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In the area of image production and manipulation, artists like Nam June Paik (in collaboration with the technician Shuya Abe) or Ed Emshwiller also explored the technical possibilities of image editing, and in so doing further developed them, for example the Paik/Abe Synthesizer (1969), which is named after them. In 1970, Stephen Beck developed the so-called Direct Video Synthesizer, which makes possible a direct in- fluence of elements like color, form, movement, and even the illusion of depth. With this, images could be produced that approached optical hallucinations, something then more commonly found in psychedelic film, which questioned the constants of perception by way of visual effects.
«Although not long lasting, there was a period in video when the subject of representation was discussed, resembling the dialog between musique concrète and the Synthesizer or the Bazinian discourse of cinematic reality. The appropriation of images was the topic; those taken from God/Nature through the camera versus those constructed inside the instrument. There was a clear interest in machine-made forms as far away from nature as possible. The
synthetic principle was the talk of the day.»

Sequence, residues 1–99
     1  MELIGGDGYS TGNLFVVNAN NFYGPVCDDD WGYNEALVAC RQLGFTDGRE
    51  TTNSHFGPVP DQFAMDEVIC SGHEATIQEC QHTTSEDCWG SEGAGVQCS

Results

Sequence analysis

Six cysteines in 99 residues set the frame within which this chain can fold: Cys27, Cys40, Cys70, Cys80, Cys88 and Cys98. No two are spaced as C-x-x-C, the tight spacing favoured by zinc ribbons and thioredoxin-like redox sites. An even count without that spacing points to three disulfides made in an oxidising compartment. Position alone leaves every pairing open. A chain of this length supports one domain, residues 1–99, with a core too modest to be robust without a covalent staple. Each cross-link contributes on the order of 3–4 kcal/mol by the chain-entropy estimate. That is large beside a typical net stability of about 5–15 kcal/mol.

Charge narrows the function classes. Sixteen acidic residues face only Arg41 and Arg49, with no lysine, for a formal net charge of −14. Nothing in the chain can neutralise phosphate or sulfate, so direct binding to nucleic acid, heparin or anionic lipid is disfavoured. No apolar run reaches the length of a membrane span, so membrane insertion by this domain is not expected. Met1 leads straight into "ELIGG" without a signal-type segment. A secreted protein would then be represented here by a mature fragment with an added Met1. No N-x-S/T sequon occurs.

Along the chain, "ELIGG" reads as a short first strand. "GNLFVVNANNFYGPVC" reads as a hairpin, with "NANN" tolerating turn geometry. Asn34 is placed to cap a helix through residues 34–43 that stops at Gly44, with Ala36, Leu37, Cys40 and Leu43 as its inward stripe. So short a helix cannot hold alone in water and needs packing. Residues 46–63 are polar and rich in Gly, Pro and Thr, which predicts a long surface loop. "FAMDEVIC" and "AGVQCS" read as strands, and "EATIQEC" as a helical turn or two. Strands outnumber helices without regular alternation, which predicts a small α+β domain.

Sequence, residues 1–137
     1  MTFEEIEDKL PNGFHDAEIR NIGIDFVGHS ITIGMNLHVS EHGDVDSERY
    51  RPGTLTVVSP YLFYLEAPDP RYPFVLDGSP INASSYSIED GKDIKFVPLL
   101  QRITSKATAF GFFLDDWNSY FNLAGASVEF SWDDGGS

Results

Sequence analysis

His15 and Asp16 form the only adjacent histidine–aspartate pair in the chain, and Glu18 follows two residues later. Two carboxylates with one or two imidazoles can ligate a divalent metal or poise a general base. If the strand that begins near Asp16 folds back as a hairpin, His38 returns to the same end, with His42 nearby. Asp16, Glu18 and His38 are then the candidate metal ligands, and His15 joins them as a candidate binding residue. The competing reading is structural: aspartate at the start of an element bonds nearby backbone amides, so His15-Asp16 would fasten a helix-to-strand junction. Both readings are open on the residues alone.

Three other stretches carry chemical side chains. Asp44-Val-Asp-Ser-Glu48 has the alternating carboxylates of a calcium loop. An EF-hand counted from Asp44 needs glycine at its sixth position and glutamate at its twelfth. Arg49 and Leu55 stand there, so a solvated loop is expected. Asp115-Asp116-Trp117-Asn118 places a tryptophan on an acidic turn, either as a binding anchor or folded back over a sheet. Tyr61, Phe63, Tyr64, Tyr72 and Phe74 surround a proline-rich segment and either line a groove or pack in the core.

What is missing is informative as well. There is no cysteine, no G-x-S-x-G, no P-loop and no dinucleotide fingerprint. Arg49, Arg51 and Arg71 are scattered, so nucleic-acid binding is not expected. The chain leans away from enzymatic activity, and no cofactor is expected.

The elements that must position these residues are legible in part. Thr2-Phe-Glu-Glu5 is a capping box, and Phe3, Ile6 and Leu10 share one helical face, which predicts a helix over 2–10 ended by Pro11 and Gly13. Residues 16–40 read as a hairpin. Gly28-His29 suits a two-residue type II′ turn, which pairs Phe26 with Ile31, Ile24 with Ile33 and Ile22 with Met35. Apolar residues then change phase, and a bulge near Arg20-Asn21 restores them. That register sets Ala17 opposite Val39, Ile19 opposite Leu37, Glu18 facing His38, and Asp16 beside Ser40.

Since the invention of electronic technologies, the opposition between synthetically produced and recorded aesthetic material has played a role in various artistic areas. In the area of the visual there is the opposition of film and synthetic image, while in the acoustic area, musique concrète (for example, the work of Pierre Schaeffer and Pierre Henry) is opposed to electronic music (Karlheinz Stockhausen). The use of images or sounds that maintain a link to external reality is here opposed to the artistic new creation of visual and acoustic elements of expression. Similar to the images in abstract film, video works that are purely electronically produced, like «Artifacts,» have no representative intention. Their function is self-referential and indexes their own technique of image production.
Over the course of the 1980s, the interest in the study of video as a medium has declined. Questions about perception and technology that until then were extensively studied are overshadowed by an interest in narrative forms and subjective expression.